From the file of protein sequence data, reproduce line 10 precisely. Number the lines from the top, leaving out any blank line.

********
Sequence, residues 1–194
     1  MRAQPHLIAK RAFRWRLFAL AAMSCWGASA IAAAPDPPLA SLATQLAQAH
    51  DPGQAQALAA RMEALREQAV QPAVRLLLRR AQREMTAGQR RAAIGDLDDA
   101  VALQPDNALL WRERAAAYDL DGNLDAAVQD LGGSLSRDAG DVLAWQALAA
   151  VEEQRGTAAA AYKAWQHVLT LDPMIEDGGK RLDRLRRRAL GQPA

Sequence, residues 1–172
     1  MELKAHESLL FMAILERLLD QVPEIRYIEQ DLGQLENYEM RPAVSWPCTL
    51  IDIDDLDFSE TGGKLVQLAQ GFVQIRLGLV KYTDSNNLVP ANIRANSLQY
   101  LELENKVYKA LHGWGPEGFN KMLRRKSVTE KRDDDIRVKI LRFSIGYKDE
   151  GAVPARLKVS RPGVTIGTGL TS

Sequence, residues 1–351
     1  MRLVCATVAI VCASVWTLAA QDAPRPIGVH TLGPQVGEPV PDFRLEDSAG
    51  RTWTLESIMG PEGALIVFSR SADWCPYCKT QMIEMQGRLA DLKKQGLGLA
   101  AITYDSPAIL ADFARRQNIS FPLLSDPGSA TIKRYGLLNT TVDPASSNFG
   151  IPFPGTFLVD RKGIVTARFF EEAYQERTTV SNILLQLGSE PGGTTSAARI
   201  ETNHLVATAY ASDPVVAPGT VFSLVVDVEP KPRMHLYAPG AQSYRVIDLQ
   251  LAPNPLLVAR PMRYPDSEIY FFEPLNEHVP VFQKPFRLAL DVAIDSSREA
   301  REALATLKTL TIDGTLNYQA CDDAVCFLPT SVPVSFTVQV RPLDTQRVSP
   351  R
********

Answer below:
   151  GAVPARLKVS RPGVTIGTGL TS